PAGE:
“The results are pretty striking and very clear,” Adelstein told Healio.com. “An elective neck dissection at the time of primary site surgery improves survival. While there has been considerable suggestion in the literature that patients with very thin tumors at the time of presentation have a very low chance of developing neck node metastases, the standard of care, particularly when close patient follow up may be difficult, is an elective neck dissection.”
PET-NECK: Guided active surveillance vs. planned neck dissection after chemoradiation
Guided active surveillance using PET-computed tomography resulted in fewer neck dissections and complications among head and neck cancer patients with locally advanced nodal metastases, according to study results from Hisham Mohamed Mehanna, PhD, BMedSc, MBChB, FRCS, FRCS (ORL-HNS), chair of head and neck surgery and director of the Institute of Head and Neck Studies and Education, School of Cancer Sciences, University of Birmingham, United Kingdom, and fellow researchers.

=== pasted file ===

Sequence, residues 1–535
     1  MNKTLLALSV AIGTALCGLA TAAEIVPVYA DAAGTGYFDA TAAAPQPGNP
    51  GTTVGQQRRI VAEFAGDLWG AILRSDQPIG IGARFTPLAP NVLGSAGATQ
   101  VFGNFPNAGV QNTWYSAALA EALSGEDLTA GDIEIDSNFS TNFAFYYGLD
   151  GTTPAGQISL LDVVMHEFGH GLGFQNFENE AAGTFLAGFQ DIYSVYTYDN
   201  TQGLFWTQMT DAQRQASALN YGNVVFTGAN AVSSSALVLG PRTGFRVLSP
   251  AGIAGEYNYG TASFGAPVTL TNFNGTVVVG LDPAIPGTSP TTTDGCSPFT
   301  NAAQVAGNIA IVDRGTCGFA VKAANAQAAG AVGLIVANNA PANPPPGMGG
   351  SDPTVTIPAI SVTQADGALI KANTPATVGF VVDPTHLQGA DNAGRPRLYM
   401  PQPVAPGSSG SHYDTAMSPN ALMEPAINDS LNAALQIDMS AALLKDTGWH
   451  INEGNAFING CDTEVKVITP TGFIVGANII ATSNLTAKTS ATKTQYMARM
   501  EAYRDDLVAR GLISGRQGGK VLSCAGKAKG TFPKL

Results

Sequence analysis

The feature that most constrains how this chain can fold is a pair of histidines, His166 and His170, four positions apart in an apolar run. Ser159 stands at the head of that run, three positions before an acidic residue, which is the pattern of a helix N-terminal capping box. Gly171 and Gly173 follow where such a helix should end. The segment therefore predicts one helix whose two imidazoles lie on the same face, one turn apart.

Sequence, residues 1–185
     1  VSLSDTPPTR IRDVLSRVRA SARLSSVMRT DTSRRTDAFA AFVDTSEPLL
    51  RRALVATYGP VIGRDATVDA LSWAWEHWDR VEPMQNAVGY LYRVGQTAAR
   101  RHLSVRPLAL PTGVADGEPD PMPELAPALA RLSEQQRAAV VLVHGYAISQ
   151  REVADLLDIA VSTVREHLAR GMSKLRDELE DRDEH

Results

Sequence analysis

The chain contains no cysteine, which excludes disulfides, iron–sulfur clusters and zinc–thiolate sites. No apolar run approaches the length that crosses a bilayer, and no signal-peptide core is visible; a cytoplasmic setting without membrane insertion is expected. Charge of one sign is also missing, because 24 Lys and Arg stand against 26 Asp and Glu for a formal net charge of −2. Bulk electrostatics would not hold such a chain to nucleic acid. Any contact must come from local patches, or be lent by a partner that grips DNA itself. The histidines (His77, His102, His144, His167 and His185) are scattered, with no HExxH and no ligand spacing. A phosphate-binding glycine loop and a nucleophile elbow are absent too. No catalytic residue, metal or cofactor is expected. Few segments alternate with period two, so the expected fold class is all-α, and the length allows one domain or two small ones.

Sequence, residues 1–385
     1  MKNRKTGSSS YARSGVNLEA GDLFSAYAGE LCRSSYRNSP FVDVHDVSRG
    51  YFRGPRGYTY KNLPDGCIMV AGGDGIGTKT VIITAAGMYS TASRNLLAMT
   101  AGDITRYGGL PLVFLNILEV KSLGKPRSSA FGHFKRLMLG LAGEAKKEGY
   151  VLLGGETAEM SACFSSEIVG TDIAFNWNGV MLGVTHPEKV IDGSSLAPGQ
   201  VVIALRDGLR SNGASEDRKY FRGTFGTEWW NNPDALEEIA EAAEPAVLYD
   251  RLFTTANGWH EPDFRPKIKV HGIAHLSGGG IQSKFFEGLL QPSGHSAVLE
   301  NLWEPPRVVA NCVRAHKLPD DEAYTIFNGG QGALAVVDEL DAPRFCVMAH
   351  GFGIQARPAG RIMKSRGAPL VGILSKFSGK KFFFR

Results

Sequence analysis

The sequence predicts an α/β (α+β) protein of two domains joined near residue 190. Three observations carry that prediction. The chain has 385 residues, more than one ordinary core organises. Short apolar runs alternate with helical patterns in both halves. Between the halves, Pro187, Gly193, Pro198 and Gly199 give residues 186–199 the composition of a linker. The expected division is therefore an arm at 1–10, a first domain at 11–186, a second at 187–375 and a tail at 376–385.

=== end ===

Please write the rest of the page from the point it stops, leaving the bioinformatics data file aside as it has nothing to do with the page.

The study was conducted “to look at the question of whether routinely doing a neck dissection in patients who’ve completed chemoradiation for locally advanced head and neck cancer is necessary – or whether it’s okay to wait until a PET scan at 12 weeks and make the decision about neck dissection based on the PET scan,” Burtness told Healio.com.
Barbara Ann Burtness
Mehanna and colleagues followed 564 patients, with 282 randomized to the planned neck dissection arm and 282 randomized to the active surveillance arm. Median follow-up was 36 months.